Computers are made up of many components, and some of them are particularly important for video editing! We’re going to cover the two most critical components – RAM and CPU. These two PC parts often determine how fast videos process and render and how well they play back.
Higher performing parts will give you smoother playback and faster render times. Find out how much RAM you’ll need for professional video editing. After reading this, you’ll know why your parts perform like they do so you can know where you may need to upgrade in the future. Image used in cover photo from StockSnap.io.
CPU and Video Editing
What Does a CPU DO?
The CPU is the single most important component of your computer for video editing. Actually, it’s the most important part of your computer in general!
CPU stands for Central Processing Unit, and that is a descriptive name. CPUs are essentially the brain of your computer that received tasks and processes them. Editing a file, rendering a video, and downloading updates all filter through the CPU to handle them directly or to divvy up tasks to other components that can handle them.
They use cores and threads to process tasks. A CPU core can handle one complex task, so the more cores you have, the more tasks your computer can process at once. Threads are virtual cores, which is a somewhat confusing concept. Essentially, threads help process instructions from programs for the cores to handle. They hold information, and allow the CPU to run tasks more efficiently. Most modern processors use simultaneous multithreading or hyperthreading, which splits cores into twice as many virtual cores. Certain applications can make use of more cores and threads to make programs run faster.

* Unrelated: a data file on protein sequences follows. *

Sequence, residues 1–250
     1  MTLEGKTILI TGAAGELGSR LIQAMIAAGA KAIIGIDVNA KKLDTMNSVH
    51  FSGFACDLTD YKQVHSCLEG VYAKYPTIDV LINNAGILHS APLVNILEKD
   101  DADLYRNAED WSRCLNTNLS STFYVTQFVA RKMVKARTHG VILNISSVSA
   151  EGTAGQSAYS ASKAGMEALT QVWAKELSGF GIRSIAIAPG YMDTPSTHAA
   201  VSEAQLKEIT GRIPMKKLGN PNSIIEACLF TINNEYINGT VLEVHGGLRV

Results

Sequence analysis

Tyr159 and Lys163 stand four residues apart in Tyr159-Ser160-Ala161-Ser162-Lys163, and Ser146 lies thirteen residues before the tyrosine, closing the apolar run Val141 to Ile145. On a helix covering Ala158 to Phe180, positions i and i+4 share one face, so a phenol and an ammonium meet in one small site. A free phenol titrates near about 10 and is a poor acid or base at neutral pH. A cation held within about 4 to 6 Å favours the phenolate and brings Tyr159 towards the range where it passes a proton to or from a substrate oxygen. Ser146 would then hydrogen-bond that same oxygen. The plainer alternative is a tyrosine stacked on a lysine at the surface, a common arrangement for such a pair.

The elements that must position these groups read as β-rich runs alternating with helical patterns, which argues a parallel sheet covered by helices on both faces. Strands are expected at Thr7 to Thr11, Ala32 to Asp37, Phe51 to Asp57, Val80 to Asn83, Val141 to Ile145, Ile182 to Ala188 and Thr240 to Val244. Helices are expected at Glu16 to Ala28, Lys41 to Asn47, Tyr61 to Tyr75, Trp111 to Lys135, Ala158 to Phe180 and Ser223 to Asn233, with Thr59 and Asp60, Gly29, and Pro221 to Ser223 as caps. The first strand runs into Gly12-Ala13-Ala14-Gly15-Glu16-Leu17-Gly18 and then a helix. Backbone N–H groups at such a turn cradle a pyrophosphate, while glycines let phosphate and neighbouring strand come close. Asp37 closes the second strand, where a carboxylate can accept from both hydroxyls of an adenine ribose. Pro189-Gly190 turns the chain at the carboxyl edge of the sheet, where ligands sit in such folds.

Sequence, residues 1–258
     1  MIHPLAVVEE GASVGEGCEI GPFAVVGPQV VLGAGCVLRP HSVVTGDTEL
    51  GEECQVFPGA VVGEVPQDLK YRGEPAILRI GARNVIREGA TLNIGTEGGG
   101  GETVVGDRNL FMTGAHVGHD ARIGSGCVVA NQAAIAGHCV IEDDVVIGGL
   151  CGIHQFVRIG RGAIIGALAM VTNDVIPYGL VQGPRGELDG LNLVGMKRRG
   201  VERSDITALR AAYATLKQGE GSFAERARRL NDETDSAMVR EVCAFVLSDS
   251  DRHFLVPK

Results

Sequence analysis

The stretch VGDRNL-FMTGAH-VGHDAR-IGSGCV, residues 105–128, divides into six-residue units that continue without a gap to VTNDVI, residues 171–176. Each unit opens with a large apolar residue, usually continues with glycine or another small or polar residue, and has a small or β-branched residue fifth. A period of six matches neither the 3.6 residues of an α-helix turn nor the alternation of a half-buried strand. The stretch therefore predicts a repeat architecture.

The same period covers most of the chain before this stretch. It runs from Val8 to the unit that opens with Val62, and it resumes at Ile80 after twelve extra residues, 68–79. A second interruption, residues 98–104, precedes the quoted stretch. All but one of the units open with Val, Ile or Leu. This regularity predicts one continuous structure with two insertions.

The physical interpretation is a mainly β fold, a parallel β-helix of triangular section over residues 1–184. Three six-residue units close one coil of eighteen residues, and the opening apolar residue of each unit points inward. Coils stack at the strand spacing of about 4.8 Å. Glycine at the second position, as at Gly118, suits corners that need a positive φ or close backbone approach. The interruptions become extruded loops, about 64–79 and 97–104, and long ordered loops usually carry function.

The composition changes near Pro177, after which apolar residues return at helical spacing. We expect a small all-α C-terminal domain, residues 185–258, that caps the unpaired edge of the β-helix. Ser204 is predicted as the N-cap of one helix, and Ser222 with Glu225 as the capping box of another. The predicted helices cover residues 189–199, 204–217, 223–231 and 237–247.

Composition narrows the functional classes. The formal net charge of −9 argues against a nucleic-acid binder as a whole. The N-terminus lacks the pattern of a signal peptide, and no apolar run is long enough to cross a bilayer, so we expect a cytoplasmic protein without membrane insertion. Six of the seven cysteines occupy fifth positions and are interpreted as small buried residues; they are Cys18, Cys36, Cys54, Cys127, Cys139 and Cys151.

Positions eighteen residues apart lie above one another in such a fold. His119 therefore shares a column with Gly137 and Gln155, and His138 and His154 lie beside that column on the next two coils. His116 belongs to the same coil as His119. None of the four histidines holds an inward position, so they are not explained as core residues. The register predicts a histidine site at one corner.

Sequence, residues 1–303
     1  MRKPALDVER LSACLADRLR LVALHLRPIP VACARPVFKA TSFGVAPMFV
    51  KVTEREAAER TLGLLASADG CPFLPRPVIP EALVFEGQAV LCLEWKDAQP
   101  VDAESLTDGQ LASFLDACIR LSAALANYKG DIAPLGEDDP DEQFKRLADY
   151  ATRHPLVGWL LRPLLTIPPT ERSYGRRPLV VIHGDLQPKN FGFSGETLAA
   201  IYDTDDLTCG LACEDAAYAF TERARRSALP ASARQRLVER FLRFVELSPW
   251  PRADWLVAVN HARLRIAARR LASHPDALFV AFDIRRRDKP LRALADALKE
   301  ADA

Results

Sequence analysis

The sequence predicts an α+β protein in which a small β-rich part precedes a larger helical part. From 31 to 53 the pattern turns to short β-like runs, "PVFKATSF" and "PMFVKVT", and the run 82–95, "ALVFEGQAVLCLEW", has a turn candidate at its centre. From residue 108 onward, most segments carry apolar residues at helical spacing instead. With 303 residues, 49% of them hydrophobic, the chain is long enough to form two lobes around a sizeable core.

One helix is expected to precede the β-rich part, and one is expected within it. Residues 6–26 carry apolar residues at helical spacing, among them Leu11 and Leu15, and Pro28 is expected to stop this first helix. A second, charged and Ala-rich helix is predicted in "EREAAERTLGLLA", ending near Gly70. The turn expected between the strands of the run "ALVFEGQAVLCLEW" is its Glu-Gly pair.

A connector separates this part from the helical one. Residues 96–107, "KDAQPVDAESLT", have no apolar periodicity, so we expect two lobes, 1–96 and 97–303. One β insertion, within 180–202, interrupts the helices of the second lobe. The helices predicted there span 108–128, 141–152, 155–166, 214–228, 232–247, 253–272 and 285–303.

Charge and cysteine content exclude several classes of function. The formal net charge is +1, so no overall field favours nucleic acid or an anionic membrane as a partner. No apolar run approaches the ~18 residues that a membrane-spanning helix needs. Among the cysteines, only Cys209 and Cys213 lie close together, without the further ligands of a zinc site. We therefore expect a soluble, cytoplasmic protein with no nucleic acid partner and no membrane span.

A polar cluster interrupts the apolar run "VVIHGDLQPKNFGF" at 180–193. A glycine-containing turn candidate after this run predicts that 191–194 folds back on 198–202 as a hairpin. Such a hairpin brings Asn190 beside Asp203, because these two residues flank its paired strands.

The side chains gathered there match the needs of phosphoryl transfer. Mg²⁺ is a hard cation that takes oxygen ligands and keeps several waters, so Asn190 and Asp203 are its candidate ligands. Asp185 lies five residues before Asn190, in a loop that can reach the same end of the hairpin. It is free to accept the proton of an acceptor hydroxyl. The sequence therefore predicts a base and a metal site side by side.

What Does a CPU Do for Video Editing?
When it comes to video editing, your CPU does a lot of the heavy lifting. It generates previews during the editing process so that you can see what you’re working on in real-time. It also encodes and exports videos, and how good your processor is determines how long your render times will be.
Cores and threads really come into effect for video editing. While games don’t necessarily benefit from an excessive amount of cores and threads, applications like video editors love them.
In tests from Puget Sytems, data shows that for a complex Premiere Pro H.264 render, two cores had twice the performance as one core, five cores had four times the performance, and ten cores had six times the performance, while more cores produced diminishing returns or actually dropped in performance. This is a good benchmark for understanding performance.
How to Pick a CPU for Video Editing
In a very general sense, you can tell how good a CPU will be for video editing and rendering based on how many cores and threads it has. There are exceptions of course, as newer technology is almost always more efficient than older technology, regardless of cores.